Hes also ranked 64th in the world, which, thanks to the absence of Ernie Els, means he now has to take on the two-time defending champion. If he hadnt drawn Woods, however, it would have been reigning world No. 1 Vijay Singh. And had anyone else pulled out, it would have been Phil Mickelson or even Retief Goosen.
If you look at my predicament, he said, its jumping out of the frying pan and into the fire, so it doesnt really matter.
So, he might as well go up against one of the best one-on-one players in golf history ' a man who has a 21-3 career record in this event to go along with three consecutive U.S. Junior Amateur and three straight U.S. Amateur titles.
Im pretty excited about it, actually, he said. I dont have an awful lot to lose. I feel that if I play solidly and dont make any mistakes and make four or five birdies, I think well have a good match ' 18-hole match play is very unpredictable.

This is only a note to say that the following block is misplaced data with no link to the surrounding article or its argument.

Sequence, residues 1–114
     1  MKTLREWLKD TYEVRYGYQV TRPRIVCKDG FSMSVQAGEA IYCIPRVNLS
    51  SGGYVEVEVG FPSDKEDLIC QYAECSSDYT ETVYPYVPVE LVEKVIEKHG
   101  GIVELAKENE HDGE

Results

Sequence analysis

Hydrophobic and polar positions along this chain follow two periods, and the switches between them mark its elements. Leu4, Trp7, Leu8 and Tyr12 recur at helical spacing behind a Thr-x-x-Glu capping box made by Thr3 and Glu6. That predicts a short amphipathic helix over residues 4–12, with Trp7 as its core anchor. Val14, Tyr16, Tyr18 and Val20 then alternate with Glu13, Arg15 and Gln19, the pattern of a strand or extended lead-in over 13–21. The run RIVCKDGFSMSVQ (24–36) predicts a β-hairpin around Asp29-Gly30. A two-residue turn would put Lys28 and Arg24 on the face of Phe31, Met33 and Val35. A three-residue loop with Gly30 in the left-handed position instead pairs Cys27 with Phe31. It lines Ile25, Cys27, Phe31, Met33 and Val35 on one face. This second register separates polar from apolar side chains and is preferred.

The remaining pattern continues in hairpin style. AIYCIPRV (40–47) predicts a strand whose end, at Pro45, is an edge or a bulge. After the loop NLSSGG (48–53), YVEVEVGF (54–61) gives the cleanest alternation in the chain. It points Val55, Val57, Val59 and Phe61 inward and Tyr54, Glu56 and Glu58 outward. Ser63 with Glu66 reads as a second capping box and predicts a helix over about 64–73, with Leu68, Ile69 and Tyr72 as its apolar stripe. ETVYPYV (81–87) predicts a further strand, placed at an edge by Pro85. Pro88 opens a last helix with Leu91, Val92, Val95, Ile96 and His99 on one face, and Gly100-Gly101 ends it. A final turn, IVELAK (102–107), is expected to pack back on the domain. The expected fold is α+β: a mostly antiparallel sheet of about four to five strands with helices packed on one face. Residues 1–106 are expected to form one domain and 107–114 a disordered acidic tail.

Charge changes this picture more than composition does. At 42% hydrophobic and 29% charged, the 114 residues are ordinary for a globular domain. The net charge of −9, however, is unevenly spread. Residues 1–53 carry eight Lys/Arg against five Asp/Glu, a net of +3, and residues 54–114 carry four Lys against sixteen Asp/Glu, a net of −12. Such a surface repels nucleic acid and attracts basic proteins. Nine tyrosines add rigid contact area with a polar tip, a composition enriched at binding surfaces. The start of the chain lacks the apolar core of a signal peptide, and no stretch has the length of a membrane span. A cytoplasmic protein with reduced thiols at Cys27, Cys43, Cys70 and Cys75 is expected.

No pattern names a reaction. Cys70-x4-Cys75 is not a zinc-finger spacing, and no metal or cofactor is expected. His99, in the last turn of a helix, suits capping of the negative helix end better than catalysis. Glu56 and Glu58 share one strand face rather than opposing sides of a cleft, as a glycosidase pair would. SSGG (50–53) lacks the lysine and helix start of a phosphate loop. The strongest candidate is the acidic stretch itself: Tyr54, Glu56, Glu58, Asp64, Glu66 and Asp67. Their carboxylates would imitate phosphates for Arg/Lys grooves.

Just ask Woods. Though he has won this event each of the last two years, he was bounced from the opening round by Peter OMalley in 2002 and narrowly escaped a similar fate last year to John Rollins.
And he anticipates another difficult opener this time around. After all, O'Malley and Rollins aren't quite as credentialed as Price.
'I'm playing a three time major championship winner. It's going to be a good fight, and it's going to be a lot of fun,' said Woods, who first played alongside Price in the first round of the 1995 U.S. Open at Shinnecock.
Logic would have it that one would rather meet Woods in the first round than in the later stages, before Woods can pocket momentum and start his steamroll. Price doesnt see it that way.